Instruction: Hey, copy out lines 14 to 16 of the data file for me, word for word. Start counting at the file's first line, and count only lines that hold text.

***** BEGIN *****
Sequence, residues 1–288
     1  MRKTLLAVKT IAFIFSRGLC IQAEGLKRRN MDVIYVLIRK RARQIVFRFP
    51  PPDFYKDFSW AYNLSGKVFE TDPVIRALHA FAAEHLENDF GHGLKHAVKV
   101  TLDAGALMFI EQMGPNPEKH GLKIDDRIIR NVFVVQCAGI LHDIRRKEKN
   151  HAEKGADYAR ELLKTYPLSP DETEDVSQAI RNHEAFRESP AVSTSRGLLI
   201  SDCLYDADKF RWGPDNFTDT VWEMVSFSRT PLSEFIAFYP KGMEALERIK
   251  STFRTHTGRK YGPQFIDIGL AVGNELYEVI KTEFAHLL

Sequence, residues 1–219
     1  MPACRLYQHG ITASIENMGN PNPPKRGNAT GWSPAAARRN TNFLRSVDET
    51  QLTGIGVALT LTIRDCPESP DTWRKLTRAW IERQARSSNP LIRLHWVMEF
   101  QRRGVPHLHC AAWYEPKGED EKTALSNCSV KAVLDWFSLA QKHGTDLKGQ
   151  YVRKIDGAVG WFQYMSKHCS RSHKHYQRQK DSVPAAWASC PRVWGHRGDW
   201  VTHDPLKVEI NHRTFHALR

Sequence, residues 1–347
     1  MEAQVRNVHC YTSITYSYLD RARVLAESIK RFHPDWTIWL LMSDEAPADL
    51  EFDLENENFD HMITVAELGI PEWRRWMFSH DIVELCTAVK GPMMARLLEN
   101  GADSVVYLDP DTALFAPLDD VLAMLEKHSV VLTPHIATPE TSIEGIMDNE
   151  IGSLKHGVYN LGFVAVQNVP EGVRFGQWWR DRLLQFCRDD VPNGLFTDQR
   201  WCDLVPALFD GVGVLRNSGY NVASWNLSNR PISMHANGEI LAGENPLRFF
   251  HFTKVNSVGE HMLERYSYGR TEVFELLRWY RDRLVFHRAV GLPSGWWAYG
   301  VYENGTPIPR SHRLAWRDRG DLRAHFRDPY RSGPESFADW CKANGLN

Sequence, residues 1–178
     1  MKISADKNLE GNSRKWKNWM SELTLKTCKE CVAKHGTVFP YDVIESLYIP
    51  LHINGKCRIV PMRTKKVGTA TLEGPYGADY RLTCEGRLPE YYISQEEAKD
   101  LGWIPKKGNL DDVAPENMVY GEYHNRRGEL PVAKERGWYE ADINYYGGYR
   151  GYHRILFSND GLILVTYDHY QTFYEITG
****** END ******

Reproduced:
Sequence, residues 1–347
     1  MEAQVRNVHC YTSITYSYLD RARVLAESIK RFHPDWTIWL LMSDEAPADL
    51  EFDLENENFD HMITVAELGI PEWRRWMFSH DIVELCTAVK GPMMARLLEN